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Open Letter to Alberta's Premier and Minister of Environment

Posted Jan 7th, 2015 in News and Events

Kyle Fawcett, Minister of the Environment (ESRD.Minister@gov.ab.ca)

Premier Jim Prentice (Premier@gov.ab.ca)

January 6, 2015

Hello Honourable decision makers. I am writing to inquire as to why the Government of Alberta would allow a coyote killing contest to take place within the province? I am deeply disturbed by learning this news, and very saddened by the unethical implications. I have been alerted to a coyote killing contest that is planned to take place January 10th in Sangudo, Alberta, see the contest at: https://www.facebook.com/photo.php?fbid=1501710023424372&set=gm.380096692143149&type=1

I urge you to stop this.

I am astounded that this practice still goes on and that it is legal. There have been several studies in North America showing that indiscriminately killing coyotes (or wolves) can lead to increased conflicts with humans and domestic animals the following year.

There are several levels of plain “wrongness” occurring with this contest, (and any others that may be occurring in AB) including; ethical, ecological, economical, scientific and the sentiment of the majority. I will briefly outline my concerns with each and look forward to a response from both of you about why this contest is permitted in light of the following:

1. Ethics: Coyotes are intelligent and social animals which have evolved to fill a niche within the web of life. The intrinsic value of each species merits respect in itself. Many other parts of the world are accepting this and striving to improve treatment of individuals and populations, embracing the human responsibility to first, do no harm. Other countries and jurisdictions around the world are banning trophy hunting for its unethical implications, including California, Kenya, Botswana and Costa Rica.

See: Wolf Hunting and the Ethics of Predator Control By John Vucetich and Michael P. Nelson, The Oxford Handbook of Animal Studies (Forthcoming)

2. Ecology: Coyote bounties in the past have lead to rodent problems. Look to Saskatchewan for an example of this, where rodent diversity was significantly decreased following a coyote cull within the past decade, and the rodent population increased so substantially that it caused greater concern for producers than coyotes ever had.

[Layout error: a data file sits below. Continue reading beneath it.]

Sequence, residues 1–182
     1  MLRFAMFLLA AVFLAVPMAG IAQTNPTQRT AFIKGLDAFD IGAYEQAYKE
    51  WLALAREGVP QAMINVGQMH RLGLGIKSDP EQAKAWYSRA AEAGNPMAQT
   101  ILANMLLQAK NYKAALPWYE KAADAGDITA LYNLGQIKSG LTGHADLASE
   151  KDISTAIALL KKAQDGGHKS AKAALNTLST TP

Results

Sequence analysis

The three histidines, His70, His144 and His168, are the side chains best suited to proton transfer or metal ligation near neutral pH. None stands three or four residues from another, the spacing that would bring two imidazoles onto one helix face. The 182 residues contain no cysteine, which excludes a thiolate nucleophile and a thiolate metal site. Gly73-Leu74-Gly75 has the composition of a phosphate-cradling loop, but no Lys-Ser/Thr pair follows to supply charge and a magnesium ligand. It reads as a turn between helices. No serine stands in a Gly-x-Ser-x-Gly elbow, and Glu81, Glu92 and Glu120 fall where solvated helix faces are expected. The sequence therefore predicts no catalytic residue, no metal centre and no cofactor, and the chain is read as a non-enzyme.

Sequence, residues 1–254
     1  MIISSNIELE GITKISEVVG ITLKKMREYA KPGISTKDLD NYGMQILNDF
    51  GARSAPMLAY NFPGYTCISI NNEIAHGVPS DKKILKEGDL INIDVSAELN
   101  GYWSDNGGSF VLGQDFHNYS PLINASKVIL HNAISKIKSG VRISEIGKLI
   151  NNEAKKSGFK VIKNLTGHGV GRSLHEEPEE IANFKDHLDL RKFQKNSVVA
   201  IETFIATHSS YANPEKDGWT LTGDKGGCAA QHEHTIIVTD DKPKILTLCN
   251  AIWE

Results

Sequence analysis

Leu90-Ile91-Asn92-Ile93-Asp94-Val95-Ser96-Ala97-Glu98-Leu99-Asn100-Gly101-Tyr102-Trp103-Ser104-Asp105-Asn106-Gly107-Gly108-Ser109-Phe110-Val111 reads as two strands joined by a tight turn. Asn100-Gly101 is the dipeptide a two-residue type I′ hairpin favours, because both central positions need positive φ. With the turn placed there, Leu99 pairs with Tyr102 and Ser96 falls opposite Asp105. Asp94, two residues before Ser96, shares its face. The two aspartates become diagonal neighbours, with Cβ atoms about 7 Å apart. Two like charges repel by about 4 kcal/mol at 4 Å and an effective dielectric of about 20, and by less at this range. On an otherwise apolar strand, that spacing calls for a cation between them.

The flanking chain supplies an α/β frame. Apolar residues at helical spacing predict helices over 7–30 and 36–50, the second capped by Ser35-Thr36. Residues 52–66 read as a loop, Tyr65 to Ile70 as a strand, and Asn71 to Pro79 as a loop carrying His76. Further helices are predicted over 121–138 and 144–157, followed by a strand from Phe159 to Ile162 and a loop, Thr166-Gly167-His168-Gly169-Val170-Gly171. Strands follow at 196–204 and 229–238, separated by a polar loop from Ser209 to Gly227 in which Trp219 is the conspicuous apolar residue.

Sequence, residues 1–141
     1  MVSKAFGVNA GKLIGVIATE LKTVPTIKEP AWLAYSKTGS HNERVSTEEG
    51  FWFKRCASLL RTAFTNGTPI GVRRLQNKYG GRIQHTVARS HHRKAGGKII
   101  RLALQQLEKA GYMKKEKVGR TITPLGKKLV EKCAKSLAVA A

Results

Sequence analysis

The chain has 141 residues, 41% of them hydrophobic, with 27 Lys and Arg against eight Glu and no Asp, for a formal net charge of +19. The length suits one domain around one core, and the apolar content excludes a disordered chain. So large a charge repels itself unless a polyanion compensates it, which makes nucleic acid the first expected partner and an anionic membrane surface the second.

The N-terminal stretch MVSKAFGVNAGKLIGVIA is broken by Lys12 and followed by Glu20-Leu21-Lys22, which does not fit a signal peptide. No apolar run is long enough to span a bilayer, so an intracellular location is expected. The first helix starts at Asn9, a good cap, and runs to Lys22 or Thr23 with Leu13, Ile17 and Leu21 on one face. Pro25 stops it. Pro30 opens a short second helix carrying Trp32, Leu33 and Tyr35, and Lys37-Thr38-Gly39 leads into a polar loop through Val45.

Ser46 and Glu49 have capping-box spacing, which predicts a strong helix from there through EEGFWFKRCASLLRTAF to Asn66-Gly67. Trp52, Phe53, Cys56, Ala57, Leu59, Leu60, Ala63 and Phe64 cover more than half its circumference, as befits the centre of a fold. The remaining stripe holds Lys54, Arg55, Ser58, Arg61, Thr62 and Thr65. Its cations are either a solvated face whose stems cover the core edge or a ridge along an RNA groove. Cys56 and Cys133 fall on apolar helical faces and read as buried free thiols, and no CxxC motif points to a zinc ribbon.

Sports hunting has a negative selective impact on species as hunters select for the largest, healthiest animals in their prime, breeding peek reproductive years thus weakening the species entire gene pool, and preventing very evolutionary beneficial genes from passing on to their offspring. See study summary online from the University of Alberta concluding Trophy hunters are driving down the horn size of bighorn sheep, the evolutionary response to killing the largest, healthiest rams.

See: Scientific references below

3. Economics: UN World Tourism Organization stats: ” Non-consumptive (non-hunting) nature tourism is the fastest growth sector within global tourism, within this category wildlife viewing is the fastest growth sector including of birds and large mammals”. Canada can still boast about the iconic wildlife species, diversity, and intact natural predator-prey systems that remain, but our image will be tarnished if killing contests are condoned. Furthermore, coyote killing programs have occurred for decades in the US where they have seen no decrease in the populations but rather an increase in numbers and conflicts in following years. This is a cyclical phenomenon that costs money and does not address or solve and issues, yet supports the barbaric ongoing killing of animals when science has shown that an increase in populations results due to the built-in reproductive drive when coyotes (or wolves) are hunted.